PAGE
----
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AAGP to meet in March in Orlando, Fla.
The speakers are lined up, the PowerPoints are ready, and committee meetings are scheduled for the association's 2014 Annual Meeting, March 14-17 at the Renaissance Orlando at SeaWorld. The conference will offer participants four days of educational sessions, networking opportunities, and many chances to become more involved in the association. AAGP committee, caucus and interest group meetings are open to all. Meet others and network in a relaxed atmosphere during the Opening Reception and exhibit hall receptions.
Don't pay more than you have to! Registration fees for the AAGP 2014 Annual Meeting increase soon, so register now to save $70-80 on full registration, $50 on one-day registration, and $25-50 on workshop fees. Register at www.AAGPmeeting.org.
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Important Annual Meeting deadlines
- Jan. 15
Late-breaking poster submissions due: To provide Annual Meeting participants with the latest research, AAGP has reserved slots for a limited number of late-breaking research posters. Late-breaking abstracts describe important current research advances that have not been submitted previously. Learn more at www.AAGPonline.org/2014CFP.
Last day for early-bird, Annual Meeting discounts.
- Feb. 5
Last day for special hotel rate: The Renaissance Orlando at SeaWorld is offering a special rate for meeting attendees. Reserve early before rooms fill up. The special rate is only available through Feb. 5. Learn more at www.AAGPonline.org/hotel.
- Feb. 20
Last day to pre-register.
Legislation to repeal the Medicare physician payment formula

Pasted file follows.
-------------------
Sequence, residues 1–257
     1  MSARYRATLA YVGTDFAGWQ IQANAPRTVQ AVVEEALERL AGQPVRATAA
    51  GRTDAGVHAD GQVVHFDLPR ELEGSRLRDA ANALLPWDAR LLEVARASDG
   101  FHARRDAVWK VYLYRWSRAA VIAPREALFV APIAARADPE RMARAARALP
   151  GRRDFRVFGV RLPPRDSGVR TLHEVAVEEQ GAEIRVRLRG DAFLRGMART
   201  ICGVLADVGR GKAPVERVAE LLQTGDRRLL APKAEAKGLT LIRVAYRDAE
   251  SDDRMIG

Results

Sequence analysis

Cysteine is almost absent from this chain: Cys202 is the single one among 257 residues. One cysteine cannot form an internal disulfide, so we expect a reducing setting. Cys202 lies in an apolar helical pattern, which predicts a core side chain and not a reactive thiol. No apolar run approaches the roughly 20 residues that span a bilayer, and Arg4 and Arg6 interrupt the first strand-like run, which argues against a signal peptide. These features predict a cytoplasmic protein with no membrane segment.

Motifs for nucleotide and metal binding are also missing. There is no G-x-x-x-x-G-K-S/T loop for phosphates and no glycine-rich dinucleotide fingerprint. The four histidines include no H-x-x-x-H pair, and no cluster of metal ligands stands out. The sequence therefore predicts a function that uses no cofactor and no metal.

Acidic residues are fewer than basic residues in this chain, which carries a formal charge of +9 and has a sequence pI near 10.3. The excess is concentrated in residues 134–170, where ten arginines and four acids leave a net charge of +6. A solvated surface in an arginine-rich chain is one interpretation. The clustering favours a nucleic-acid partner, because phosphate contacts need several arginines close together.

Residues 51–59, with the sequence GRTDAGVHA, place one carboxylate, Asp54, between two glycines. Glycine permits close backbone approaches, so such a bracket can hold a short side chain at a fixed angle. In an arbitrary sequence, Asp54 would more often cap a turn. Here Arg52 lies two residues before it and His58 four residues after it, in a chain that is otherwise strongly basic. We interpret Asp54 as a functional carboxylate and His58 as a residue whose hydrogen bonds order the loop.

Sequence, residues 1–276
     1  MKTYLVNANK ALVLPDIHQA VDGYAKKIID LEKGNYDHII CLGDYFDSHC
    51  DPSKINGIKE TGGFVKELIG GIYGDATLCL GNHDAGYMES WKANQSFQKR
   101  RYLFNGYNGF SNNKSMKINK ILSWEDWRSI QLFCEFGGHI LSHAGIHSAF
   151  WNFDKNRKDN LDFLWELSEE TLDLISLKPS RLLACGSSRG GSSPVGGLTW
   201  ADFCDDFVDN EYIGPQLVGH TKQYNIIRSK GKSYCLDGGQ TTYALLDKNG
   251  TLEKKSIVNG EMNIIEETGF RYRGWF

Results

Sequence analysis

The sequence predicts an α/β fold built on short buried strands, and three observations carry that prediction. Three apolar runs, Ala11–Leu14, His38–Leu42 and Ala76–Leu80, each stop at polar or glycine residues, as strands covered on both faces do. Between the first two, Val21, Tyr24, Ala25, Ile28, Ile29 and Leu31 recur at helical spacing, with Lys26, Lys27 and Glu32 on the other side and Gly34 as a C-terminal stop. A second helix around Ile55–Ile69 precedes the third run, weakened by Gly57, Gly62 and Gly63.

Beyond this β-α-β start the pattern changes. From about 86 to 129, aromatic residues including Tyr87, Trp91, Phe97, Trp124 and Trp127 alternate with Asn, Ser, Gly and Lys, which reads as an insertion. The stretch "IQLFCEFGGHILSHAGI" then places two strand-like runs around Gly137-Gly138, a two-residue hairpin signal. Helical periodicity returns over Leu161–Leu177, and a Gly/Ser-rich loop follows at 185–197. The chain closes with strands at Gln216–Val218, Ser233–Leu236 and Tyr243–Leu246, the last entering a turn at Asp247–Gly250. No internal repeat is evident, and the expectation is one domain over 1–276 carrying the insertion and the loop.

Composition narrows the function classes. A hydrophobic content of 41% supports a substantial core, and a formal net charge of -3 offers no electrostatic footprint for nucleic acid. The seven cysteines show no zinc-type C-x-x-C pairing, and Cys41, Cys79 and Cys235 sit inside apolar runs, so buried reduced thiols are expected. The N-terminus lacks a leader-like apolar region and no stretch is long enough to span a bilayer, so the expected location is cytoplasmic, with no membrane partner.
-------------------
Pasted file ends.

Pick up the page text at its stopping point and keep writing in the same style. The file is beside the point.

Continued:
In early December, both the House of Representatives and the Senate moved toward eliminating an annual budgetary headache by crafting legislation to repeal the 1997 Medicare physician payment formula that has periodically threatened to reduce Medicare payments to providers.
The draft framework would move providers toward payment systems that provide incentives for quality rather than for volume. Under the new system, providers could get bonuses under a consolidated value-based program depending on how they scored on certain performance factors. The system would also promote alternative payment models, such as accountable care organizations, by providing bonuses to doctors who get a significant portion of the revenue through a model that involves financial risk.
On Dec. 12, the House Ways and Means Committee and the Senate Finance Committee approved legislation that would repeal the Medicare Sustainable Growth Rate formula used to calculate payments for physicians who treat Medicare beneficiaries, and replace it with a new system of incentivized payments that reward physicians for providing high quality care. The House Energy and Commerce Committee, which also has jurisdiction over the Medicare program, approved its version of SGR reform legislation in July.
In all three versions of the legislation currently before Congress, replacing the SGR formula would be a new value-based performance program that attempts to better align Medicare physician payments with medical outcomes, moving away from the current fee-for-service system, which has rewarded volume over quality since its inception.
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Update on CPT coding
By Allan A. Anderson, MD, AAGP Past President (2011-2012)